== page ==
Meta scraped data off sites for years while fighting practice publicly
Meta is suing a company for collecting information from its platforms – Facebook and Instagram. It turns out that the social media company had earlier partnered with the same firm — Bright Data — to gather data from other websites. This came to light during the ongoing case filed on January 6 in a California court where Meta hassued the Israel-based data collection company for harvesting and selling information from its platforms.
Since 2021, Meta has been filing a series of lawsuits against scraping-for-hire services companies like Bright Data, Voyager Labs, Octopus, and BrandTotal. These companies offer a range of services that include scraping profile information, likes, follows, posts, and comments from social media and e-commerce platforms.
During one of the cases, email correspondence between Meta and Bright Data confirmed that both companies shared a professional relationship spanning years. Among other documents submitted was an email exchange between Meta and Bright Data chief executive officer Or Lenchner that revealed the long-standing association. Lenchner wrote in the email that it provided scraping services to Meta for “at least the last six years”.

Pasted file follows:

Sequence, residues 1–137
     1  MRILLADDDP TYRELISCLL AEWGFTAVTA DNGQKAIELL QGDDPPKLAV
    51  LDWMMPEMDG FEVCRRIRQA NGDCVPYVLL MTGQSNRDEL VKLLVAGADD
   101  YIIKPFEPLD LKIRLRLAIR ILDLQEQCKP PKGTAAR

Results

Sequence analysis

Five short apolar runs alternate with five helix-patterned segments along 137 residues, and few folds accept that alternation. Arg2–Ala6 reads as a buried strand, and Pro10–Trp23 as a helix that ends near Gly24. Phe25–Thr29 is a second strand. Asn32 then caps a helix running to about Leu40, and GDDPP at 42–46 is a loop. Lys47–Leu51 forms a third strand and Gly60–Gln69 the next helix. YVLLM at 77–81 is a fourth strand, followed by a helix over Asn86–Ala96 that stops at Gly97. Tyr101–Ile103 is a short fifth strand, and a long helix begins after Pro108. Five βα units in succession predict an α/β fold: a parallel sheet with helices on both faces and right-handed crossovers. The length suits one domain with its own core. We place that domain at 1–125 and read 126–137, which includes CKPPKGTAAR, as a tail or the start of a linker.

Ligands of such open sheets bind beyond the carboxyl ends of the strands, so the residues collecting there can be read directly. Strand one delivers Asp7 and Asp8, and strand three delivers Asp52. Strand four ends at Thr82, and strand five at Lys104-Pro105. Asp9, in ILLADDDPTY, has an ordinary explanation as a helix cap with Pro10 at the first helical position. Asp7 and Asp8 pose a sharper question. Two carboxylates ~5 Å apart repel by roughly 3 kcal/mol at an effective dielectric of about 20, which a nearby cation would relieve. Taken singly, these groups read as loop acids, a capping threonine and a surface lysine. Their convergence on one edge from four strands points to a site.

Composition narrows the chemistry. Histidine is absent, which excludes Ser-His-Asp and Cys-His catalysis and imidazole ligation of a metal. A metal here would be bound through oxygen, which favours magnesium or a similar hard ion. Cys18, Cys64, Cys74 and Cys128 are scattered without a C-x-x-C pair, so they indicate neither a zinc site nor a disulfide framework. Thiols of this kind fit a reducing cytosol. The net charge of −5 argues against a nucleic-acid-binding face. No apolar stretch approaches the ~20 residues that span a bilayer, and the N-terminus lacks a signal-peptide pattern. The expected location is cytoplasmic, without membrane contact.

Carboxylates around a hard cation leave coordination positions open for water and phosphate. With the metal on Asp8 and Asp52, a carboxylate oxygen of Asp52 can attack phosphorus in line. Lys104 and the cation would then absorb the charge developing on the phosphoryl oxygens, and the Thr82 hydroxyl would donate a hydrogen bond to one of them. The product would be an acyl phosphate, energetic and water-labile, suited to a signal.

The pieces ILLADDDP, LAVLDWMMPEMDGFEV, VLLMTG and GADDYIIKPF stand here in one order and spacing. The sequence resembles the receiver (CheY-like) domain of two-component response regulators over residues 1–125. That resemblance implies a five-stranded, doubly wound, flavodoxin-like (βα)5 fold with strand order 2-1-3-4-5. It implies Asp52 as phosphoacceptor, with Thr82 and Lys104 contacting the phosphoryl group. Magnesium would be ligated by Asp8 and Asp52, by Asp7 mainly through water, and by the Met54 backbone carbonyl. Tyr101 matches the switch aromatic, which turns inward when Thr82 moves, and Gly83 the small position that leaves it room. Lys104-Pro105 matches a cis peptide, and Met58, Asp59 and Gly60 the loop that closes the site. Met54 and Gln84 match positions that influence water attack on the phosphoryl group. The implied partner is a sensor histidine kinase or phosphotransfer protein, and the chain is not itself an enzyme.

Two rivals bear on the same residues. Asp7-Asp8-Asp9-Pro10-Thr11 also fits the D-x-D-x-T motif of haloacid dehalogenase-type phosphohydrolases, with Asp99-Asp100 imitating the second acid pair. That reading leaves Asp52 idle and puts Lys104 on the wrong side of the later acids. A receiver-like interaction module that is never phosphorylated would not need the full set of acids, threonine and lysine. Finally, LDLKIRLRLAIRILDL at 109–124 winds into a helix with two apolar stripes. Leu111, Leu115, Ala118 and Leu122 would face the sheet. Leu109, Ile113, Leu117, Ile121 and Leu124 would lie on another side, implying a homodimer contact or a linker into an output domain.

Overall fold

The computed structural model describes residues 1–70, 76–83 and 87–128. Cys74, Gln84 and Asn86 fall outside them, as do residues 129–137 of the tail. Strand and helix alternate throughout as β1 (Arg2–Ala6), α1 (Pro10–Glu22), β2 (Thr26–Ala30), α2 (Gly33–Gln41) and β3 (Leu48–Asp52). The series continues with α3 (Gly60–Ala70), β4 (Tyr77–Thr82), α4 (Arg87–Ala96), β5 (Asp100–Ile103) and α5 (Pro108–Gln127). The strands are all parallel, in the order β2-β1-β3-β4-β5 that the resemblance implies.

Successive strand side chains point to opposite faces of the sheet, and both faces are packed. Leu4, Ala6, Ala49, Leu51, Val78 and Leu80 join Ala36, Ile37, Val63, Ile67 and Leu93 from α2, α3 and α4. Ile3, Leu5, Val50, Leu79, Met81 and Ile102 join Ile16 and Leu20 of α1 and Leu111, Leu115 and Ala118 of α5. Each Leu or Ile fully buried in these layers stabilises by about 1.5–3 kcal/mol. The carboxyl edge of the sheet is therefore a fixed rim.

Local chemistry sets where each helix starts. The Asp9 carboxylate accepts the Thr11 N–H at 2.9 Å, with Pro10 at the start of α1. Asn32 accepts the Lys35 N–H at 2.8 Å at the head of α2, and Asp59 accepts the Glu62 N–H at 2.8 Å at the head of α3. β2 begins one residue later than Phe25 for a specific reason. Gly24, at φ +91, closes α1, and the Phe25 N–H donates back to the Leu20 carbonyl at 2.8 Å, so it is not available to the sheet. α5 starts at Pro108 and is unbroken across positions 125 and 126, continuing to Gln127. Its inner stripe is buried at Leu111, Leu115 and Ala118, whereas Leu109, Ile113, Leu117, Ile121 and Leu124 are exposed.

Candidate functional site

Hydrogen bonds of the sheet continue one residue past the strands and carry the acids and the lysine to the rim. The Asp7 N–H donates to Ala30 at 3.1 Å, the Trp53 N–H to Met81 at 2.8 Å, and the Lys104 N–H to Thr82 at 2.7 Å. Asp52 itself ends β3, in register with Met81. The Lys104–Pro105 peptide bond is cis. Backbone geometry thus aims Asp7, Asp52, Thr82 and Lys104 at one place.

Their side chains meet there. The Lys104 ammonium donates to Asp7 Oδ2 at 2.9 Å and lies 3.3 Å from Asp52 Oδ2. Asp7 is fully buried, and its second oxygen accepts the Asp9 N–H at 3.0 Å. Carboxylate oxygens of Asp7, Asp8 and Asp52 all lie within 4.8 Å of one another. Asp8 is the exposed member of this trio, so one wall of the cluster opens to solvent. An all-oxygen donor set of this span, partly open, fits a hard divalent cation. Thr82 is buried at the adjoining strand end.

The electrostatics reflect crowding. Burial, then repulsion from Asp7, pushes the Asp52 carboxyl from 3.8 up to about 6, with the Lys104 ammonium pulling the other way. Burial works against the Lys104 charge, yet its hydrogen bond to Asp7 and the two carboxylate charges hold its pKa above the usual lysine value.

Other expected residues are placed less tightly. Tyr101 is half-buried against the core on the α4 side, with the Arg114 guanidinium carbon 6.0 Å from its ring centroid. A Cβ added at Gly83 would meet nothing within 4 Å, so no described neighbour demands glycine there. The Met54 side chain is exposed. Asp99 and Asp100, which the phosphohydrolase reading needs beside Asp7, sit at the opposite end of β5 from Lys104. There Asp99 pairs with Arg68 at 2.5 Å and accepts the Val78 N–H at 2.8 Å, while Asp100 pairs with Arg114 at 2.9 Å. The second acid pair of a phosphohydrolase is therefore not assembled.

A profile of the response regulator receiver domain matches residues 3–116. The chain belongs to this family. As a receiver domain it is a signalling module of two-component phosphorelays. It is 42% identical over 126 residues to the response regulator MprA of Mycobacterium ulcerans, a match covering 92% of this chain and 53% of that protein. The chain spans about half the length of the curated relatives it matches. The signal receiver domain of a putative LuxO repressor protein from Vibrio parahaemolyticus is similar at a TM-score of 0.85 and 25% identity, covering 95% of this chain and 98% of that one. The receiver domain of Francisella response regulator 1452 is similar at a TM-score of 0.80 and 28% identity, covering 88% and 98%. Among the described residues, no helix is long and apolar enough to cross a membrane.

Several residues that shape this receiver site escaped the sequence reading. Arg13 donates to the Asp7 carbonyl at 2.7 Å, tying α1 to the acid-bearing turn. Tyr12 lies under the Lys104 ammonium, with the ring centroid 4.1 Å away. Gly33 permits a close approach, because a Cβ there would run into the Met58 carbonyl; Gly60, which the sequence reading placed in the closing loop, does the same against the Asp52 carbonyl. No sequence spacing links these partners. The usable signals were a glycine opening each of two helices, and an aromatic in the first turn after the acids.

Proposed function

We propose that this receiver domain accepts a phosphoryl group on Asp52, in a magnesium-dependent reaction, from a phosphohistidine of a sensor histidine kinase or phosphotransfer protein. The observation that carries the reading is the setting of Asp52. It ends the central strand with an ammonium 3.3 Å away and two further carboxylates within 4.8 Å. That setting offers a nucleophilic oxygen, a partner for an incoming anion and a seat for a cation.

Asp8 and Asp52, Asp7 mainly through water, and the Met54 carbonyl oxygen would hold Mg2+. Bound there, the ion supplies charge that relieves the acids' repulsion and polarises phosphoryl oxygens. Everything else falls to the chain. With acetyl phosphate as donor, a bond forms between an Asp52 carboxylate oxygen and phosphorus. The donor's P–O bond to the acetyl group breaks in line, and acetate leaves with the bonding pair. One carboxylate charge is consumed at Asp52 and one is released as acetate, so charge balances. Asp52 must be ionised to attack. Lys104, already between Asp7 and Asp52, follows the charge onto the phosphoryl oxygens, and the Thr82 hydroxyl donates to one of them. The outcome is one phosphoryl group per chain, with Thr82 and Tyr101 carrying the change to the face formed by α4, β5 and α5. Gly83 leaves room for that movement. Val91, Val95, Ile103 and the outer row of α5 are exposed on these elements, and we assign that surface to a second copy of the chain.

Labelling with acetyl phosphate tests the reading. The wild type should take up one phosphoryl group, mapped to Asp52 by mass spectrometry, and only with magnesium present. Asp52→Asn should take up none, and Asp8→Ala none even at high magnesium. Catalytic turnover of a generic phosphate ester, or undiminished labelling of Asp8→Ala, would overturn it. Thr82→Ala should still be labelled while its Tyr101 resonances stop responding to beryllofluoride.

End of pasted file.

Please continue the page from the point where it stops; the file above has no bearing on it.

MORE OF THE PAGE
Andy Stone, the Meta spokesperson confirmed to Bloomberg that the social media company had paid Bright Data to collect data from e-commerce sites to build brand profiles on its platform, and to detect harmful websites and phishing operations. However, Stone said that the company was not scraping rivals’ websites. After Bright Data reportedly violated company terms on the automated collection and selling of data, Meta ended this partnership.
While Bright Data confirmed its association with Meta but has not disclosed which websites it was asked to target. After Meta sued Bright Data, the latter filed a counter suit to allow it to scrape data from Facebook and Instagram on January 6. “To protect everyone’s right to access public data for public good, Bright Data today filed a lawsuit against Meta in the Delaware Superior Court,” the company said in a statement. The company also noted that it works in compliance with the EU and US regulations, and collects public information that is not login-protected.